Capgemini employee resource group OUTfront promotes inclusivity and tolerance across the company and society, and at its heart are “Allies”
Krystianne Avedian, chief relationship officer at Capgemini’s Accelerated Solutions Environment, started OUTfront at Capgemini in 2007, after not finding a platform for those looking to connect around the discussion of LGBT+.
“I was searching for my tribe and my community, and I couldn’t find them. But this is the great thing about Capgemini’s entrepreneurial atmosphere – when I realized nothing formal existed, I set up OUTfront with a few of my colleagues.”
Since then, OUTfront has grown into a worldwide group, with chapters in 20 of the 50 countries that Capgemini operates across. “Our goal is to enable our colleagues to show up and be their 100% full selves every day,” says Krystianne.
Education and guidance
On a practical level, OUTfront offers an advisory and educational role for colleagues in Capgemini. “People come to us and say they want to transition, but don’t know how to approach that conversation with HR or their manager,” she says.
“We also educate the wider Capgemini community about what it means to be LGBT+. What does it mean to fit into one of these letters? What does a day in the life look like?”
These conversations help people understand the challenges of being LGBT+ in the workplace. “One of the trickiest things about being gay or LGBT+ is that you’re constantly ‘coming out,’” explains Krystianne. “With every new client or new meeting, you’re trying to work out whether it’s safe to say that you’re different.”
Friends and allies
This is where OUTfront’s “Allies” can make a big impact. An Ally is someone who represents and advocates for the LGBT+ community, and Krystianne highlights their importance to the cause.
“Allies are our hidden superpower. They exist at all levels within Capgemini, from the global executive team downwards. They are critical in understanding local needs, elevating those needs to the business, and translating this to our workforce and clients.”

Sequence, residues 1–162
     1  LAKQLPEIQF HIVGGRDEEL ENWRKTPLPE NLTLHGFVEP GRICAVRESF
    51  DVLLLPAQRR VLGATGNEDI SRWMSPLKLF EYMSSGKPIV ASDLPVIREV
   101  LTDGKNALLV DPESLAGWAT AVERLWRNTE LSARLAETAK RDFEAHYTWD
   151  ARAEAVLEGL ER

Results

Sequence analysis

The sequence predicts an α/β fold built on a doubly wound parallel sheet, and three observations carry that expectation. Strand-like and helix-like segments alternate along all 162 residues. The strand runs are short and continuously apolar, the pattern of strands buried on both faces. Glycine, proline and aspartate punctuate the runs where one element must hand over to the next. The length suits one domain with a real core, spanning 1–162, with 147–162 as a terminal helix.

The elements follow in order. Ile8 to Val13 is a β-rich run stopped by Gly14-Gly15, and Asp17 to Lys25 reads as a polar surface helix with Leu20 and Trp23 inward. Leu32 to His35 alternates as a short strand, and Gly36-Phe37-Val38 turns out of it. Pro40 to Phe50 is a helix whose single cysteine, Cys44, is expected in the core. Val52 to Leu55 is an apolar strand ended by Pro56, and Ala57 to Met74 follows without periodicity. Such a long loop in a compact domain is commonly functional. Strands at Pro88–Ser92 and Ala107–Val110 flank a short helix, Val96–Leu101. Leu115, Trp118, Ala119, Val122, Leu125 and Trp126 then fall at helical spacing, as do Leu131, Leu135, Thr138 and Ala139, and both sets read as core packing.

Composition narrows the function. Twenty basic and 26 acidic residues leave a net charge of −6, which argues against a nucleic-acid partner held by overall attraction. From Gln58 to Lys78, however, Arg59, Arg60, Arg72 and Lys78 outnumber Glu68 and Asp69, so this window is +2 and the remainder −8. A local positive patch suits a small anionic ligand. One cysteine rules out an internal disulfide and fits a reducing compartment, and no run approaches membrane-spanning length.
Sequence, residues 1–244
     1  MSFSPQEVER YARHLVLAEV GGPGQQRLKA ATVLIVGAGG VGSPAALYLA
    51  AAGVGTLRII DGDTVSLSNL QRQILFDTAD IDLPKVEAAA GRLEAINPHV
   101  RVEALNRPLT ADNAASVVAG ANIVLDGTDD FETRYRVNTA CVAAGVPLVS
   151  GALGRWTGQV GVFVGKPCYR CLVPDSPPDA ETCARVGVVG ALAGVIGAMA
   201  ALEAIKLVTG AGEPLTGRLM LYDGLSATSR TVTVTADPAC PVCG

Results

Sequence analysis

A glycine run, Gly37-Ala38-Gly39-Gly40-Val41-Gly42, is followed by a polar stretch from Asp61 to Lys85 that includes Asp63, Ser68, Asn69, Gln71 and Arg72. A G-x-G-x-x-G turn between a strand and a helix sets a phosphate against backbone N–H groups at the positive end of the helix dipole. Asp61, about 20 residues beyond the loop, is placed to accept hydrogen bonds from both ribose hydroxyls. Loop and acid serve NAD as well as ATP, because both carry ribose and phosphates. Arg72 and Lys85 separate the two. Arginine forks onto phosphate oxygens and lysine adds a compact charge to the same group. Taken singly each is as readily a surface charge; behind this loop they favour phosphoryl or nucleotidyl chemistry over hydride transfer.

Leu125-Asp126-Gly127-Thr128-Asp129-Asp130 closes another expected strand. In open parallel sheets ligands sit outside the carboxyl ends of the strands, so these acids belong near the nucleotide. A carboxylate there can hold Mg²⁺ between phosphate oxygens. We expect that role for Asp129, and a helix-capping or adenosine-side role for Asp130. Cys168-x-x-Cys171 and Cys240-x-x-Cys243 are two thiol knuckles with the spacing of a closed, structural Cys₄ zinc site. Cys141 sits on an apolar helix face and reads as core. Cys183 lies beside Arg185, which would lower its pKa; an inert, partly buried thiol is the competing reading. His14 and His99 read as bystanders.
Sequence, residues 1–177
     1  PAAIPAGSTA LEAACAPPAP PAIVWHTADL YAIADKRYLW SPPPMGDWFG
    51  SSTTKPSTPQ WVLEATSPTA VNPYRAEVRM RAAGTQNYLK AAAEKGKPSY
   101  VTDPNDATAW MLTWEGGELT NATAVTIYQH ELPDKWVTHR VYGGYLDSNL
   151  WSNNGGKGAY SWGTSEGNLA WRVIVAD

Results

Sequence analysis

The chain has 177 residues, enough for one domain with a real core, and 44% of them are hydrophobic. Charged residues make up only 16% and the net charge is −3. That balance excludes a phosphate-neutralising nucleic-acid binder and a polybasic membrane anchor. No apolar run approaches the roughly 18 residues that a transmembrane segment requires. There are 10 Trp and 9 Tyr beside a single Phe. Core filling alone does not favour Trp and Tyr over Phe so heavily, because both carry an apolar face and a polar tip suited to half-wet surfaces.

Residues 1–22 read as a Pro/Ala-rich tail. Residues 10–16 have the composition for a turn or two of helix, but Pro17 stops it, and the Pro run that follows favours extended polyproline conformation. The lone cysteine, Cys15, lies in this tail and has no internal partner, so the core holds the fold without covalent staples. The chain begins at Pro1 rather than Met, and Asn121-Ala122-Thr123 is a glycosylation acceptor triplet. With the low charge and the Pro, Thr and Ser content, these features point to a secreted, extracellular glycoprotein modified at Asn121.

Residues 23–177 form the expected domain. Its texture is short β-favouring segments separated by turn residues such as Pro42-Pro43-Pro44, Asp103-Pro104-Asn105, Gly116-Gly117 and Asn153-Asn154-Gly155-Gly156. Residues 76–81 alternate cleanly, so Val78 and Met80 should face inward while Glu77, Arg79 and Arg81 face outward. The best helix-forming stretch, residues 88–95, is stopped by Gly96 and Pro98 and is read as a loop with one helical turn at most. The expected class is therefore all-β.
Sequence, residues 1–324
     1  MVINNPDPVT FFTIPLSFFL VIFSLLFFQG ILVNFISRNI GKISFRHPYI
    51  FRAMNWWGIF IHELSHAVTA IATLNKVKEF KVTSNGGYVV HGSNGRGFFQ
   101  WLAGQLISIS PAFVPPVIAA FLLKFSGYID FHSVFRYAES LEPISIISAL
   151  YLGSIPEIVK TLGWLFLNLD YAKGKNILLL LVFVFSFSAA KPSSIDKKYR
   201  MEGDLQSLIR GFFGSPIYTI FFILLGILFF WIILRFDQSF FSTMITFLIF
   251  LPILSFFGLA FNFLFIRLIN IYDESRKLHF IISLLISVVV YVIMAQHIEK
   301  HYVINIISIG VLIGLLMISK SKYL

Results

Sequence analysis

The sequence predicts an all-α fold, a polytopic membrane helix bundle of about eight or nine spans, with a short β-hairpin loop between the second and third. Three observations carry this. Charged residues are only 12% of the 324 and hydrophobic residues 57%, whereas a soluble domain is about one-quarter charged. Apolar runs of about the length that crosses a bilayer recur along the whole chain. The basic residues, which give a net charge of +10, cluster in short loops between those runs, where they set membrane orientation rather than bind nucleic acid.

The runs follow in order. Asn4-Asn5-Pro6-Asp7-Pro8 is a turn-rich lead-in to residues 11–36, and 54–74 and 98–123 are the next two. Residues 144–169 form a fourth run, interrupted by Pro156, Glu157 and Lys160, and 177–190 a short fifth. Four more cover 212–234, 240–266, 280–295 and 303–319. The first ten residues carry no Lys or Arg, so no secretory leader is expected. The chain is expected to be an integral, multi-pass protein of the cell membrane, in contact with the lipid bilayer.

For Krystianne, that’s just what employee resource groups such as OUTfront are able to achieve.
“Capgemini has 270,000 employees around the world. This is a huge audience that we can speak to and leverage to create change.”
A sense of duty
Karianne Munch-Ellingsen, a service designer, recently became a diversity and inclusion champion at Capgemini Invent in Norway, and she explains what being an Ally involves.
“On a practical level, I’m helping out with preparation for Pride this year. But, more broadly, I’m working to put these issues on the agenda in a structured way, from recruitment to how we talk about these things internally and externally.”
According to Karianne, her motivation to become an Ally comes from a sense of duty. “It’s a responsibility for us as human beings to care about our colleagues, no matter what their race, gender, or identification. I want to help the LGBT+ community have a voice.”
As Krystianne explains, tolerance is still a real issue for the LGBT+ community. “It’s not safe to be ‘out’ in some of the countries we operate in,” she says. “That’s why at Capgemini we have an employment clause that protects our colleagues in every region.”
This point also resonates for Karianne. “It would be easy to think that these battles have been won,” she says, “But we have to fight for acceptance. In Norway, there’s a well-known poem by Ole Peter Arnulf Øverland, saying that you must not permit the injustice that does not affect you – and I try and follow this.”
A call for Allies
And that’s why she encourages everyone across Capgemini to consider becoming an Ally. “It’s through education and learning that we become more open-minded,” she says. “Even if you aren’t sure about all the definitions or issues, I would urge you to get involved. It’s enormously rewarding.”
“I would like to think we can promote social change through OUTfront, so that future generations can enjoy more tolerance,” concludes Krystianne. “We’re continuing the work of pioneers such as Stonewall by planting the seeds for tomorrow, and the tomorrow after tomorrow.”